As Arsenal’s league challenge crumbled, perhaps not unexpectedly, with successive defeats against Manchester United and Chelsea, the building process for next season will have come to the forefront of Arsene Wenger’s mind.

2009/10 promised so much, but the side that Wenger built were shown to be exactly what they were all along; pretty on the eye, occasionally stunning but ultimately not quite good enough. It may be that the Champions League will suit their style more than the domestic campaign, so it may not be a total disaster just yet.

However, Wenger may come to look back at two key moments that decided their fate with a mixture of anger and regret. The first, a serious injury to the in-form Robin van Persie, would have been guaranteed to leave Le Boss fuming.

His hatred of ‘meaningless’ international friendly matches will have been exacerbated by the unfortunate incident, which left the Dutchman with an ankle that needed more than a little rebuilding. His manager’s blood pressure would have been at the level known as ‘DANGEROUS’ when he received the news from Pescara.

But for many Arsenal fans, the biggest incident didn’t take a second to occur, it took a whole month. Wenger’s stubborn refusal to sign a striker during the January transfer window was bewildering, especially given the oft-repeated statements from the club that he had more money to spend than Bill Gates.

As names were mooted and ultimately ignored, the frustration of global gooners was almost overpowering. Ruud van Nistelrooy, Marouane Chamakh, Louis Saha, Klaas-Jan Huntelaar, Mario Balotelli, Lacina Traore, Edin Dzeko, Carlton Cole and even (God forbid) Roman Pavlyuchenko were all being ‘considered’.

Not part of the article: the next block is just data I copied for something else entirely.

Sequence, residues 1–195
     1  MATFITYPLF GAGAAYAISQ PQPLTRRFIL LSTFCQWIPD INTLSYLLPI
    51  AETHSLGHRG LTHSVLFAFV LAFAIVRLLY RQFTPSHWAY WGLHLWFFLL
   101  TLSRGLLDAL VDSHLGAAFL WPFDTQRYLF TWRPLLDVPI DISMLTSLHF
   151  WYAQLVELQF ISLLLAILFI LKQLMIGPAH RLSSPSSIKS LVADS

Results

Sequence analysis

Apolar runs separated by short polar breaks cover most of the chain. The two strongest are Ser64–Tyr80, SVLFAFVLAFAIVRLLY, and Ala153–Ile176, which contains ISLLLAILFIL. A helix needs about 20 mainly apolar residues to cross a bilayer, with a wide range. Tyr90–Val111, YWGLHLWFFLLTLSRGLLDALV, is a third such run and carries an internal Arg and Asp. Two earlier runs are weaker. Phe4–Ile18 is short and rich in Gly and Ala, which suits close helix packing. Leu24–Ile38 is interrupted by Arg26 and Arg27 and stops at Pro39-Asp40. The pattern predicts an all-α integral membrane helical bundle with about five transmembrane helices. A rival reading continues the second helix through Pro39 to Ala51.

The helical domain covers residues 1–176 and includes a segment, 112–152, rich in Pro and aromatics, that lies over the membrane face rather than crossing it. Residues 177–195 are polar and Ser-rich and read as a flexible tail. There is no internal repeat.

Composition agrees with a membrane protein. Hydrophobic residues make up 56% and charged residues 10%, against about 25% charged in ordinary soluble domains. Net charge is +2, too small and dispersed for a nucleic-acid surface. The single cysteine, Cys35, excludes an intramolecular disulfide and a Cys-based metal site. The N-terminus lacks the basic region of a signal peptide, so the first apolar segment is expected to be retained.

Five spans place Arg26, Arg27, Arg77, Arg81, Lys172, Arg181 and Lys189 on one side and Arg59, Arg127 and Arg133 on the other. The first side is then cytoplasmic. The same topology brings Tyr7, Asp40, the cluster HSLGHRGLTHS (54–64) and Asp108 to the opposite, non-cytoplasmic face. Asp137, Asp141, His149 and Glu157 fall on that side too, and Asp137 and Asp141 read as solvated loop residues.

The fact that February came around and the only new footwear on the shelves of the Boot Room belonged to a 35-year-old centre half who’d played once all season (for Notts County) added to the quiet murmurings of disappointment around the Emirates Stadium.

Many supporters failed to be soothed by the argument that Nicklas Bendtner would soon be fit so everything will be OK, leaving Wenger having to placate a significant amount of them, perhaps for the first time during his spell in north London.

It proves to be an interesting end of season for The Gunners. Chamakh, out of contract in the summer, will say ‘au revoir’ to Bordeaux, and Wenger will be hoping he chooses Arsenal. However, the signing of a man who’s scored 67 goals in well over 250 matches is hardly likely to set the world alight.

There are those that feel Monsieur Wenger missed the boat during the window, though, and that another opportunity may not come along for a long time. Chelsea and Manchester United have dropped points with some regularity this season, and may not do so again for a while.

Although Arsenal’s defending hasn’t always been solid, in general the partnership of Thomas Vermaelen and William Gallas has worked well. In midfield, the likes of Abou Diaby, Samir Nasri, Tomas Rosicky, Andrey Arshavin, Theo Walcott, Denilson and Alex Song have created hundreds of chances.

And there’s the problem; without van Persie, the likelihood of turning those chances into goals diminished almost overnight. Carlos Vela and Eduardo are good link players, but neither of them is ever likely to become a prolific goalscorer. Bendtner, even when fit, is too inconsistent to make a difference.

Whenever Arsenal have come up against the better sides, they’ve simply not been good enough. But the bottom line is they’ve had opportunities, and no-one has stepped up to claim them. A midfielder such as Nasri, for example, will convert perhaps one chance in every ten; A van Nistelrooy would score one in two.

Wenger often seems obsessed with players who can play the beautiful game, and he should be applauded for that, but one wonders if, when looking at the front line, he should concern himself with someone who only cares about putting the ball in the onion bag.

The legendary Ian Wright scored some wonderful goals in his career, but what endeared him to everyone at Highbury was that he took as much delight in finding the net with a deflection off his backside as he did with a 25-yard screamer.

And there, as they say, you have it. Arsenal lack a finisher, nothing more, nothing less. Perhaps Arsene Wenger needs to be reminded that it’s goals, not pretty passes, that ultimately win matches.


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Photo Courtesy: Tsutomu Takasu